Nitisinone Oral Suspension
Generic name: Nitisinone Oral Suspension (ni TIS i known)
Brand name: Orfadin
Drug class: Miscellaneous metabolic agents
Medically reviewed by Drugs.com. Last updated on Dec 18, 2020.
Uses of Nitisinone Oral Suspension:
- It is used to treat hereditary tyrosinemia type 1 (HT-1).
What do I need to tell my doctor BEFORE I take Nitisinone Oral Suspension?
- If you have an allergy to nitisinone or any other part of nitisinone oral suspension.
- If you are allergic to nitisinone oral suspension; any part of nitisinone oral suspension; or any other drugs, foods, or substances. Tell your doctor about the allergy and what signs you had.
This medicine may interact with other drugs or health problems.
Tell your doctor and pharmacist about all of your drugs (prescription or OTC, natural products, vitamins) and health problems. You must check to make sure that it is safe for you to take nitisinone oral suspension with all of your drugs and health problems. Do not start, stop, or change the dose of any drug without checking with your doctor.
What are some things I need to know or do while I take Nitisinone Oral Suspension?
- Tell all of your health care providers that you take nitisinone oral suspension. This includes your doctors, nurses, pharmacists, and dentists.
- Have blood work checked as you have been told by the doctor. Talk with the doctor.
- Have your urine checked as you have been told by your doctor.
- Have an eye exam as you have been told by your doctor.
- Nitisinone must be used with a special diet that is low in tyrosine and phenylalanine.
- Follow the diet plan that your doctor told you about.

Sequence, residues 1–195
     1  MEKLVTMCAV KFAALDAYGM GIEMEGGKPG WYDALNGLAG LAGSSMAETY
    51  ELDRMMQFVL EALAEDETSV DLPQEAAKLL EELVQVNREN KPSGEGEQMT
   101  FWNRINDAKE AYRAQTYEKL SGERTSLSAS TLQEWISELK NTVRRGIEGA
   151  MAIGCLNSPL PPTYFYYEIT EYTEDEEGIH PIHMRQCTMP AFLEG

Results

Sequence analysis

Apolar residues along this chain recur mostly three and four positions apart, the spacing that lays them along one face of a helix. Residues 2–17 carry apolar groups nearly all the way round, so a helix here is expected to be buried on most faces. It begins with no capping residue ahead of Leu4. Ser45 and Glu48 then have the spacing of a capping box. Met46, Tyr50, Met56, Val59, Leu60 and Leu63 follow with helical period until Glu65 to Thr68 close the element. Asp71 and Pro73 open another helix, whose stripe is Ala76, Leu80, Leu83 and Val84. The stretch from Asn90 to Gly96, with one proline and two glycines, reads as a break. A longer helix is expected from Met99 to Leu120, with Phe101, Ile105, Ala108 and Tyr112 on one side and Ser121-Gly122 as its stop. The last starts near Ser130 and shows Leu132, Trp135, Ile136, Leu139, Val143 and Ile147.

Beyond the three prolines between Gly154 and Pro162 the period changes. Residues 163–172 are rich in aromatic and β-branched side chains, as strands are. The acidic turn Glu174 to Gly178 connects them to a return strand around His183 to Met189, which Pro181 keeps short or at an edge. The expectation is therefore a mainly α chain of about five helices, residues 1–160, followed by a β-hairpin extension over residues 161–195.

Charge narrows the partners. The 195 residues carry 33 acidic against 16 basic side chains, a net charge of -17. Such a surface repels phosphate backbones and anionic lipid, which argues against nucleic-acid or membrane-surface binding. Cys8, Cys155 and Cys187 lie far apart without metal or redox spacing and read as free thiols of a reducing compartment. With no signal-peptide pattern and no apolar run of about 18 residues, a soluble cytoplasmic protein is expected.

- Tell your doctor if you are pregnant, plan on getting pregnant, or are breast-feeding. You will need to talk about the benefits and risks to you and the baby.
How is this medicine (Nitisinone Oral Suspension) best taken?
Use nitisinone oral suspension as ordered by your doctor. Read all information given to you. Follow all instructions closely.
- If the adapter has not been put in the bottle when you get it, follow how to prepare the bottle as you have been told or read the package insert.
- Take with or without food.
- Shake well before use.
- Measure liquid doses carefully. Use the measuring device that comes with nitisinone oral suspension. If there is none, ask the pharmacist for a device to measure nitisinone oral suspension.
- Keep taking nitisinone oral suspension as you have been told by your doctor or other health care provider, even if you feel well.
What do I do if I miss a dose?
- Take a missed dose as soon as you think about it.
- If it is close to the time for your next dose, skip the missed dose and go back to your normal time.
- Do not take 2 doses at the same time or extra doses.
What are some side effects that I need to call my doctor about right away?
WARNING/CAUTION: Even though it may be rare, some people may have very bad and sometimes deadly side effects when taking a drug. Tell your doctor or get medical help right away if you have any of the following signs or symptoms that may be related to a very bad side effect: